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If the products have passed CE, do they still need inspecting?

3 / 1 / 2013

CE marking is a declaration by the manufacturer that the product meets all the appropriate provisions of the relevant legislation implementing certain European Directives. It states that the product in question has been assessed before being placed on the market. This means that the product meets EU safety, health and environmental protection requirements. As a result, it gives companies easier access into the European market to sell their products without adaptation or rechecking. However it should also be noted that the aforementioned certification is the lowest requirement for entry to the EU market.

The marking means that the product conforms with as many EC directives as apply to the product. For example, most electrical or electronic products must comply with the Low Voltage Directive and the EMC Directive. It is a self-certification scheme. It means that the manufacturer has verified that the product complies with all relevant essential requirements (such as safety, health, environmental protection requirements) of the applicable directive(s) or, if stipulated in the directive(s), has had it examined by a notified conformity assessment body.

The CE marking is not a quality mark, it doesn’t mean that the product has good quality, functions properly, or has good workmanship which are the main checking aspects in an inspection. Besides that, an inspection also checks packing, labeling, design of the product.

To get certified, samples need to be provided by the supplier. During the inspection, the inspector will randomly select the samples from them and check them. Hence this means that when one sample passes the CE test, it does not mean that the whole lot has passed.

When a product passes CE, the supplier should provide the CDF (Construction Data Form), which contains a list of all the main components. However even if the CDF is provided, it does not mean that all the components will be the same in the sample, as they are in the units of mass production. The inspector will check and compare components against the CDF. As well as that, the model name and various photos will also be checked to make sure that the mass produced goods conform to CE standards.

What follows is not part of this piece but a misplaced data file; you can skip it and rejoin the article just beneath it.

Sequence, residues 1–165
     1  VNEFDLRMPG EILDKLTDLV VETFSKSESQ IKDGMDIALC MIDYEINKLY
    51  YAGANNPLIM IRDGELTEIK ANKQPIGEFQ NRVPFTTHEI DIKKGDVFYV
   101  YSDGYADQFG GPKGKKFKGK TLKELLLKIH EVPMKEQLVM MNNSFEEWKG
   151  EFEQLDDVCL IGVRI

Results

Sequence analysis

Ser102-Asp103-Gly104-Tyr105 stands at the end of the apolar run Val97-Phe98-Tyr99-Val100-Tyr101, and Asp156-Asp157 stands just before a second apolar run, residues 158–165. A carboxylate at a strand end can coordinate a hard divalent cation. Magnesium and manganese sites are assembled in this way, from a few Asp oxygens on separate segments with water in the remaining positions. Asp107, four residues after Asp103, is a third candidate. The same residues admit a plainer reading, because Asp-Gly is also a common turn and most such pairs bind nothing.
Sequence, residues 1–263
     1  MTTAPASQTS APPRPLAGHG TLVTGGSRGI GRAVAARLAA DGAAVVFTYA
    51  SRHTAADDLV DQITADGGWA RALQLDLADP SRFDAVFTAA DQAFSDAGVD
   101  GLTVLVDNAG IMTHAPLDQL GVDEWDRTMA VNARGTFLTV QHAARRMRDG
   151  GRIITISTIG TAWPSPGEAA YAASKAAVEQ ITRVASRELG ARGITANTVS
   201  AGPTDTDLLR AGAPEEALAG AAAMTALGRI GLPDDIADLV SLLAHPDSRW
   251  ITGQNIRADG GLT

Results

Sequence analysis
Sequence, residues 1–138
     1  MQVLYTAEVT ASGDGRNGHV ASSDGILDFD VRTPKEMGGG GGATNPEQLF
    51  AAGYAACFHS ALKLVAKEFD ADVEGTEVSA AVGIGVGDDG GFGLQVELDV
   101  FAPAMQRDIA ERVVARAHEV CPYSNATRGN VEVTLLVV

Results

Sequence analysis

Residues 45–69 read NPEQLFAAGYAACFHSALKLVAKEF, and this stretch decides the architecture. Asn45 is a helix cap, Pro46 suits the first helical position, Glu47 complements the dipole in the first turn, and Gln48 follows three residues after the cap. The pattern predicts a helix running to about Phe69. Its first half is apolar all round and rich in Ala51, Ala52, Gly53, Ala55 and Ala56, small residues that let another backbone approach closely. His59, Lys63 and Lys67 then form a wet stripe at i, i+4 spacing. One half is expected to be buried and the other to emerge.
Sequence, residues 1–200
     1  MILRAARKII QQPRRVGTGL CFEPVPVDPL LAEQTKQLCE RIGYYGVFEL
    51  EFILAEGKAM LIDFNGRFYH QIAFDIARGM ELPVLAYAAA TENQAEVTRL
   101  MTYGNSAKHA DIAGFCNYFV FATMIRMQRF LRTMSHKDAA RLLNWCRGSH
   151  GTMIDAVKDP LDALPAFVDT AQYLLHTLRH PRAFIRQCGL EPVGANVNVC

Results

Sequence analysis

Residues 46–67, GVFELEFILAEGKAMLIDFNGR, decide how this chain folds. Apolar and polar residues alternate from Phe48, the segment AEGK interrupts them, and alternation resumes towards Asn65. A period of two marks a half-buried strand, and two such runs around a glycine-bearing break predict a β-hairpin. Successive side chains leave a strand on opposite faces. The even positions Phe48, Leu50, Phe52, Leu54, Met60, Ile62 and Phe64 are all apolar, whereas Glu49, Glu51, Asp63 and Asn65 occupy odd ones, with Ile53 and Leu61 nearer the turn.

However, clients will sometimes experience problems in this area due to the reluctance of the factories to participate in inspections. This may happen as a result of the factory fearing that they will not comply with the standards or with quality control requirements. This fear is mostly irrational because, as mentioned previously, the CE marking has nothing to do with quality control.

In summary, it is important to check with your supplier whether their products are certified with the appropriate marking. If not, it is important to negotiate a contract clause which states that the manufacturer must allow the product to undergo the required testing. The CE marking also shares similarities with markings from other countries. In the USA, UL marking is used and in Germany, GS marking symbolizes the safety of products for their domestic market. And although some requirements are different, the main focus is aimed at the safety of the consumer. 

NB: Please click the following links to learn more about every CE-Marking-related European Union Directive, Guidelines to Directives, Frameworks of implementation of Directives, and Agreements on Mutual Recognition of conformity assessment between European Union and other countries such as USA, Japan, Canada, Australia, New Zealand and Israel.


V-Trust team
Operation Director of V-Trust, with more than 10 years experience in quality control management.

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